What one of the world’s funniest men can teach us about depression

Like many people, I was saddened by the death of Robin Williams on many levels. While my connection with him was limited to the exposure I had through his canvas of work, I felt as though I knew him. He was well-known for his comedy and ability to make us laugh, characteristics and traits that can make it difficult to reconcile recent events with the actions of someone who would take his own life.


As a physician, I struggle to come to terms with the death of one of my favorite comedians.  While there has been mention of Parkinson’s disease as playing a contributing role, the underlying challenge was his battle with depression. On many occasions, he shared his struggle with depression and substance abuse, and he was quick to say that dealing with this disease was an on-going challenge that he personally faced every day.

The word depression is used frequently by people to describe their feelings and emotions, but it has a very specific meaning in medicine:

Clinical depression is a mood disorder in which feelings of sadness, loss, anger, or frustration interfere with everyday life for a longer period of time.

This should not be confused with sadness, a temporary feeling that is normally associated with some negative aspect of our lives or our surroundings.

The health system failed despite his resources, intellect and access to healthcare
Our understanding of depression is still limited – our treatment of this disease is still in its infancy and mostly limited to broad-brush therapies that impact neurotransmitters and are implicated, but not exclusively associated with depression. We have (mostly) moved past separating and isolating these patients from the general population, our ability to treat or cure depression remains stubbornly missing.

Our understanding of the brain is limited despite laudable attempts to jumpstart the process, such as the NIH BRAIN Initiative,  which aims to fill major gaps in our current knowledge of how the brain works. Progress, however, remains frustratingly slow and leaves our society with a subset of the population suffering from varying degrees of debilitating diseases of the brain, such as depression, mania, and schizophrenia.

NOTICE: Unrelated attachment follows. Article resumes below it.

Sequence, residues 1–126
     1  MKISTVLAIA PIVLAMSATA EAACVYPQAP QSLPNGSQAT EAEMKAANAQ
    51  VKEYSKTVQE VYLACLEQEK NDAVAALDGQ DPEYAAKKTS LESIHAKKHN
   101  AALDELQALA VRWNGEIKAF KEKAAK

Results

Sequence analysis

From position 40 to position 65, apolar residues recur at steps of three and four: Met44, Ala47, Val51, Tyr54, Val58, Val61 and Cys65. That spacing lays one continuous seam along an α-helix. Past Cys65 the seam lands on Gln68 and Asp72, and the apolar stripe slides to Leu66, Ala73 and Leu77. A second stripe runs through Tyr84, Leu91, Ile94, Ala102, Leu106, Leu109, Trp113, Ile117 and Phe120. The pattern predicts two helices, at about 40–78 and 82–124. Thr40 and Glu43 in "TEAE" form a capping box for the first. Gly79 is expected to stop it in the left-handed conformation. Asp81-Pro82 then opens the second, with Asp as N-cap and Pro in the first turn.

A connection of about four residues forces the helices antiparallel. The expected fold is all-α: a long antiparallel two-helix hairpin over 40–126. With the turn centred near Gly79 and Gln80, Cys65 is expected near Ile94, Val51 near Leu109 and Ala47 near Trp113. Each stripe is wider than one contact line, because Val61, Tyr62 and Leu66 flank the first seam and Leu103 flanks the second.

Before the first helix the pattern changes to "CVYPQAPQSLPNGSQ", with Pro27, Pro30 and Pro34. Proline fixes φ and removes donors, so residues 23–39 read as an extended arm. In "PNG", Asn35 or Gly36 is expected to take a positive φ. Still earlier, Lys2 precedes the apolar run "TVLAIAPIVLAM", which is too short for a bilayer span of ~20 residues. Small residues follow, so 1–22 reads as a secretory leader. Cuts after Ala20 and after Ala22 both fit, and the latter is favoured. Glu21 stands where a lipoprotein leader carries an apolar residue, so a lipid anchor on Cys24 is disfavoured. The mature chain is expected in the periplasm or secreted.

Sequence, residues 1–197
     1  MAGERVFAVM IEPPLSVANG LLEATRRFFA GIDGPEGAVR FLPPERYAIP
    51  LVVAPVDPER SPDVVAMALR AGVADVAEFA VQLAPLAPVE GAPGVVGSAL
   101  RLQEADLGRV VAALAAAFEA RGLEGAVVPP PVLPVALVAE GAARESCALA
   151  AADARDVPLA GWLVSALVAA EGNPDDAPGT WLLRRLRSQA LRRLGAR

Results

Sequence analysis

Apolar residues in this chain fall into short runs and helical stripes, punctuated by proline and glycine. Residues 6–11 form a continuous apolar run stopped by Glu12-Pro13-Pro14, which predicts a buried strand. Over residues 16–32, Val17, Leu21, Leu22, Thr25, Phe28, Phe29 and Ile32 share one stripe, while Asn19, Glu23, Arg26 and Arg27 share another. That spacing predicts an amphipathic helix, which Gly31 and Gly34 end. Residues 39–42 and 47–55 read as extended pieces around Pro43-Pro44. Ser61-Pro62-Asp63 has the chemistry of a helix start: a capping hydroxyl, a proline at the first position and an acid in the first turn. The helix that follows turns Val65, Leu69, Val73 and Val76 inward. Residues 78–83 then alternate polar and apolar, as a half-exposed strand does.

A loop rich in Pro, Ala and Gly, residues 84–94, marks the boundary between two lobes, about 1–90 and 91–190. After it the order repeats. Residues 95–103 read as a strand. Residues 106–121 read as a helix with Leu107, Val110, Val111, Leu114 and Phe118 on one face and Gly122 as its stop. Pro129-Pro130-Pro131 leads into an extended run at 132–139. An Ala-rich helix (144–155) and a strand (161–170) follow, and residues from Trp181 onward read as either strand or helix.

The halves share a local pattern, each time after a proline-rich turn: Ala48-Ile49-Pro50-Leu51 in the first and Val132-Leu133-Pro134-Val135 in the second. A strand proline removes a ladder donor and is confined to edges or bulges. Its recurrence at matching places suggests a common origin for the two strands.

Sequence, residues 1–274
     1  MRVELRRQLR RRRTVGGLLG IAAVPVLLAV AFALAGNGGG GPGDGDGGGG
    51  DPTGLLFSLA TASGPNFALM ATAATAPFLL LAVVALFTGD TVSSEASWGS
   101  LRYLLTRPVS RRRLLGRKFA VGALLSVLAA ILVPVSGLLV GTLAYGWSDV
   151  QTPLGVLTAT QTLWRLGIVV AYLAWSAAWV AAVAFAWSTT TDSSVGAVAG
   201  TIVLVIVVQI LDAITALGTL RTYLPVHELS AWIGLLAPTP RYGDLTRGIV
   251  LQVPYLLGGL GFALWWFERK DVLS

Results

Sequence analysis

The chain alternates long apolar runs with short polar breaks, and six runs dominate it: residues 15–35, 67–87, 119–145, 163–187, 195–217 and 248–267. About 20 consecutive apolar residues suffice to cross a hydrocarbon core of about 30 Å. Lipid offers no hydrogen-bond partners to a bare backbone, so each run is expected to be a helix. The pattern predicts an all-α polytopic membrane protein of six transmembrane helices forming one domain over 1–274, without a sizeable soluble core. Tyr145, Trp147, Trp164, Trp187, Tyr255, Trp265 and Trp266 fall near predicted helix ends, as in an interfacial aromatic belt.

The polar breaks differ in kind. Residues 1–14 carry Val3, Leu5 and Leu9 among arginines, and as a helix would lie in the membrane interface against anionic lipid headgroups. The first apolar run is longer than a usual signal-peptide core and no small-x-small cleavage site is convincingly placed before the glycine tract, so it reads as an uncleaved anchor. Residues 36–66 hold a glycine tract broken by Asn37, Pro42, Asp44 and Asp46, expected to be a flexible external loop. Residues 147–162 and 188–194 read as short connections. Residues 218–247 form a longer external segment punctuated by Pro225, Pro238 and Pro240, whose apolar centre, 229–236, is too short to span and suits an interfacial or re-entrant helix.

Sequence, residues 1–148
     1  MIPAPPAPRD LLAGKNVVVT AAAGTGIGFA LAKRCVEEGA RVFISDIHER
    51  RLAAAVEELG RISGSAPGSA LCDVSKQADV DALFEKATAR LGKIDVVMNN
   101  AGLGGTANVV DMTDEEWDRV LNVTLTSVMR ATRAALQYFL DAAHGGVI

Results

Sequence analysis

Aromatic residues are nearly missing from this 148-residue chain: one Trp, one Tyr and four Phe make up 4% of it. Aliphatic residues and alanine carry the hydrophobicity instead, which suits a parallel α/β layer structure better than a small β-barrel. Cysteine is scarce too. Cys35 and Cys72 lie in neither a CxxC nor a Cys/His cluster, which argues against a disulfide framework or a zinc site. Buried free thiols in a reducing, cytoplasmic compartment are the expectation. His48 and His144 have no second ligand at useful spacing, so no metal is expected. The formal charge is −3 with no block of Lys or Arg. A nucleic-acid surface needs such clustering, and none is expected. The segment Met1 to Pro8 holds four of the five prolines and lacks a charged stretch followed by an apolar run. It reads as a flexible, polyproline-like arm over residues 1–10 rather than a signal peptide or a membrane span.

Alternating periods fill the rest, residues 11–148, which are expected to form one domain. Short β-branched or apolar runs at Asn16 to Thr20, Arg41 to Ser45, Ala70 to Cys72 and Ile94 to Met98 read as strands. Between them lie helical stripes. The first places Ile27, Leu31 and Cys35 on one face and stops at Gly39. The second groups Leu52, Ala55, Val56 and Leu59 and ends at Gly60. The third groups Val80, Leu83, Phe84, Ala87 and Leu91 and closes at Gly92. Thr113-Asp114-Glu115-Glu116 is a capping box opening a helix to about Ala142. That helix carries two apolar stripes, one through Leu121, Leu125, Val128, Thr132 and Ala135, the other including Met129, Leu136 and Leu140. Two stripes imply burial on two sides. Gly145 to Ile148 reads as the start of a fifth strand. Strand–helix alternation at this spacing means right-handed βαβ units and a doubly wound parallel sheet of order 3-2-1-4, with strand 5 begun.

What did Robin Williams teach us through his life and death?

  • Laughter is the best medicine
  • Being different is OK and its what makes life so much more interesting and worth living to its fullest
  • We all need and deserve endless compassion – Life is hard and it is our friends, family and personal relationships that help us navigate through the world we live in
  • We need empathy, compassion and tolerance in our society

Suicide is painful – not only for the unnecessary loss of life but for the trail of despair it leaves behind for all the people wondering:

what if…
should have…
could have done…

I’ve experienced it with friends and still think about them. Don’t let that be your legacy, reach out to someone today and remind them, and yourself, why life is great for both of you.


  • vpl2day

    Link in article for “the NIH BRAIN Initiative,” does not work.
    It is incorrectly entered as “http://www.nih.gov/science/brain/http:/www.nih.gov/science/brain/.”
    Correct link is http://www.nih.gov/science/brain/index.htm.

Dr. Nick van Terheyden

About Dr. Nick van Terheyden

This is a contributed post by Dr. Nick van Terheyden. As a pioneering creator in the evolution of healthcare technology, he brings a distinctive blend of medical practitioner and business strategist to the realm of health IT. To see more content like this, visit the Healthcare section of the blog.